You know that this will happen and now it happens in the middle of the most important tournament in chess. The entire world is laughing at us because we were the only ones to start the event at this time, I guess. Especially an event of this caliber. Also, the players were expressing their vision on how it was going and it was going not well at all, with the hostile circumstances there for [Alexander] Grischuk and Wang Hao and all the others.

In my letter, I said that besides the situation with the coronavirus, that with the tournament it’s not clear what we will do, it was not clear for anyone. FIDE said that they know what they are doing, with all the measures they were going to take. FIDE is the authority in chess but as you can see, even the great states with great power and abilities cannot fight the virus—but FIDE somehow said that they are able to really do everything possible in the situation. But actually, nothing is possible. There is nothing you can do about it to be honest, at the moment. There’s nothing you can do besides postponing the event under the circumstances.

As you can see, for example, billion-dollar industries are suffering from this and they are moving events that cost like hundreds of millions of euros, and we cannot postpone one of the most important tournaments in chess just for five, six months, let's say, with the possibility to play at the end of the year? This would be the normal thing to do. All the other events have been postponed as well now in chess, and a lot of them were canceled before the Candidates. I just can’t understand it.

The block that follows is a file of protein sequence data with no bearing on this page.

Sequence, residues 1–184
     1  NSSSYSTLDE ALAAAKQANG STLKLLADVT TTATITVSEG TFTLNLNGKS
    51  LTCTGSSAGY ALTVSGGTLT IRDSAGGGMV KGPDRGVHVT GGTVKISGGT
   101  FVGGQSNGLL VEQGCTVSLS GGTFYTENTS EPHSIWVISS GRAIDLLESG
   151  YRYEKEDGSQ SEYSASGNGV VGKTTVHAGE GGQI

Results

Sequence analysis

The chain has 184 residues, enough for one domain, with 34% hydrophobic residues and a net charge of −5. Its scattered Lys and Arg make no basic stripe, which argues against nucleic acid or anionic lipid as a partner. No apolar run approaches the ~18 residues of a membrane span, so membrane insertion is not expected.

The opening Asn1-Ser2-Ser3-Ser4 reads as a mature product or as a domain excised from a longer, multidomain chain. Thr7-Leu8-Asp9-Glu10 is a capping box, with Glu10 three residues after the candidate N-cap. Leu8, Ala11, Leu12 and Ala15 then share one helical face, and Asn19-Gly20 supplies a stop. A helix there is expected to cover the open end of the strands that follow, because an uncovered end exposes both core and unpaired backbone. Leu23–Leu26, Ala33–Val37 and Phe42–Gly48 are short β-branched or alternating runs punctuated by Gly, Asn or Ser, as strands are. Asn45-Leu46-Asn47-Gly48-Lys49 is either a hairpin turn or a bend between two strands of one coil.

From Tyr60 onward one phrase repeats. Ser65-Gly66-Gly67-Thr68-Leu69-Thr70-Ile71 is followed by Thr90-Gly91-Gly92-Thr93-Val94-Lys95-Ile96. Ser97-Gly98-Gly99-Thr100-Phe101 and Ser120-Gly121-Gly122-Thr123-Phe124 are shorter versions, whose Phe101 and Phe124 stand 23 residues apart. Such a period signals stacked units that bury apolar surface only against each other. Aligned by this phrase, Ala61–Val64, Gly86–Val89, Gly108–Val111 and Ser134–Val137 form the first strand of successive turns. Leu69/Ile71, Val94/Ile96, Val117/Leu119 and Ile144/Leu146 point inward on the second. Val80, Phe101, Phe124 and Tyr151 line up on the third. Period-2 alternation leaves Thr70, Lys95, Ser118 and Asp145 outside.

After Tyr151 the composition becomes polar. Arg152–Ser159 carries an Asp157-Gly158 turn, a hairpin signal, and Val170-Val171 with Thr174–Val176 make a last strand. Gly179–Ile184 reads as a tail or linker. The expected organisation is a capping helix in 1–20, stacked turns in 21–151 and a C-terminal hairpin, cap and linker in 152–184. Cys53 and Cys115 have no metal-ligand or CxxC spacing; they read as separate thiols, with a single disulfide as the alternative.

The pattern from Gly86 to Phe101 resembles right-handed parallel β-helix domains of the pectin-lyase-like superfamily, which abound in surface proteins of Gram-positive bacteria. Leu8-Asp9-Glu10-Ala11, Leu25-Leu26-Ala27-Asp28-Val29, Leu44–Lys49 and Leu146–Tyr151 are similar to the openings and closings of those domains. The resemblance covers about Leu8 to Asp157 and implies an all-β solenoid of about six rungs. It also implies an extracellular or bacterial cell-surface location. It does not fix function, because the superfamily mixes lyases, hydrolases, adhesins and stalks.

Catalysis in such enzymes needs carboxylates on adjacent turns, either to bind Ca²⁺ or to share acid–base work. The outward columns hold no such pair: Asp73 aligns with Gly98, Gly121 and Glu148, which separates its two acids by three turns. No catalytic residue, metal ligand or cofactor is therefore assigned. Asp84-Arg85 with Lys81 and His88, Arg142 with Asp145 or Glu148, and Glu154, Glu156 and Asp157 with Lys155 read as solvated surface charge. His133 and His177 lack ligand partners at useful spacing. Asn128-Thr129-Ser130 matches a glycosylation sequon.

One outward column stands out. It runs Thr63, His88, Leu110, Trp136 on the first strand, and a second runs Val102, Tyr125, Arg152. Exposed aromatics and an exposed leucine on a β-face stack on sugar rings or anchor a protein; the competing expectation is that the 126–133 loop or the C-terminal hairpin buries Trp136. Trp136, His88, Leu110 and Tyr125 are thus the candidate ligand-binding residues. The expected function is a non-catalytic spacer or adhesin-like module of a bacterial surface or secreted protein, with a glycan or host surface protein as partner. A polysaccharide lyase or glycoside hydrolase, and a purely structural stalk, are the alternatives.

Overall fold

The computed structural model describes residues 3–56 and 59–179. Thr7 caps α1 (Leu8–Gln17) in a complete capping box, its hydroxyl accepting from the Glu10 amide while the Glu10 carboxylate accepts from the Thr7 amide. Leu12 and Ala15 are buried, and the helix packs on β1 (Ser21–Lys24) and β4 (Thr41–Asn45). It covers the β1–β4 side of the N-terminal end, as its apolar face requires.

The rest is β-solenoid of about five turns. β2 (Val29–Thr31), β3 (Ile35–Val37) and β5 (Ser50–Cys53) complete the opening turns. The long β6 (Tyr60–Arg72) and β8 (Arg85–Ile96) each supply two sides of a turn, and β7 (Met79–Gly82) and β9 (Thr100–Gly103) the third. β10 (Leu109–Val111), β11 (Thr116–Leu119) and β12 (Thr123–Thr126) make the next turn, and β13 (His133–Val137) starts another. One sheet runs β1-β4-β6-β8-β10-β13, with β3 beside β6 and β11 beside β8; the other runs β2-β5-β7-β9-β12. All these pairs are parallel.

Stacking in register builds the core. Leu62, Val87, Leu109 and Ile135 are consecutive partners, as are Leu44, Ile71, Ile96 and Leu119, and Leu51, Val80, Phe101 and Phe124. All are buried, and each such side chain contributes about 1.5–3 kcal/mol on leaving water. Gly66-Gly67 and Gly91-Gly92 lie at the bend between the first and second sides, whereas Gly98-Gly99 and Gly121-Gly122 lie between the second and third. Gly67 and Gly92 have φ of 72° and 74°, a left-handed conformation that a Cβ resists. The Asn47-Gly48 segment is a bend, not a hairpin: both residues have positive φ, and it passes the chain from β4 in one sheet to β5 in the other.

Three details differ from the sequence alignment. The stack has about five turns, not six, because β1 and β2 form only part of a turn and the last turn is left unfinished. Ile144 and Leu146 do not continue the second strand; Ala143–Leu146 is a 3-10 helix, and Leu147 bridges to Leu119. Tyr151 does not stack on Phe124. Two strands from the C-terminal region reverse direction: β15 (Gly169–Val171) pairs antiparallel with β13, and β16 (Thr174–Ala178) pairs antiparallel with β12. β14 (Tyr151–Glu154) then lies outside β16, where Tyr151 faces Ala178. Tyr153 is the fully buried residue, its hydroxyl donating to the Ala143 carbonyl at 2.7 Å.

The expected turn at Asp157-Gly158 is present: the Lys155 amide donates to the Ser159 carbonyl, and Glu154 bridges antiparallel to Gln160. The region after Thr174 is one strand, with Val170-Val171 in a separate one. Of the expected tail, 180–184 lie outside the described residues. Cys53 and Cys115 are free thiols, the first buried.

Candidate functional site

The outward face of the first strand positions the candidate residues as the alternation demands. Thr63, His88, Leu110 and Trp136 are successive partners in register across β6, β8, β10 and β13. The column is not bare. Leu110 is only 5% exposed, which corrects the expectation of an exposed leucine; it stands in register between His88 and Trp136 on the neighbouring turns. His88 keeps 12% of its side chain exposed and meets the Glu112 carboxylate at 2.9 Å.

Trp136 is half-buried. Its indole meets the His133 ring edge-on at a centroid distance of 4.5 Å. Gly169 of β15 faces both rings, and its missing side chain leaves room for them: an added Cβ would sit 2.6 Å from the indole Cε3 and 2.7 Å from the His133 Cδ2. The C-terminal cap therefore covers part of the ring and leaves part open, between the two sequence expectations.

Teimour Radjabov
Teimour Radjabov. Photo: Maria Emelianova/Chess.com.

Robert Hess: We had some FIDE officials in the show earlier who said that the situation in Russia was not so bad at the time. What information were you looking at when you made the decision?

First of all, I think it was on 4 March that I was talking to Dvorkovich. By the way, they were saying that I was leaving the tournament for "personal reasons." If coronavirus and the whole situation are "personal reasons," what can I say? But certainly, that was strange from FIDE.

When Dvorkovich told me that according to his information it was not yet that bad and probably it’s going to be OK, I said: according to my information, it’s going to be really bad. I was discussing it and analyzing it as well and you know, sometimes I can foresee such things, like Bitcoin’s price and stuff like that. This is much easier for me to calculate because it’s actually connected with my profession.

So, in general, I was seeing all the football news and that a lot of tournaments would be postponed and already at the time when I was talking to Dvorkovich, some of them were postponed for sure. I actually mentioned in my letter that sports events were getting canceled around the world in my letter. Just having general information was enough to understand that you will not run this kind of event of this importance which is very easy to postpone compared to the European soccer cup and all these huge events and now the Olympics. It was so easy to foresee. I don’t really see a problem. I don’t understand why others were negligent of this.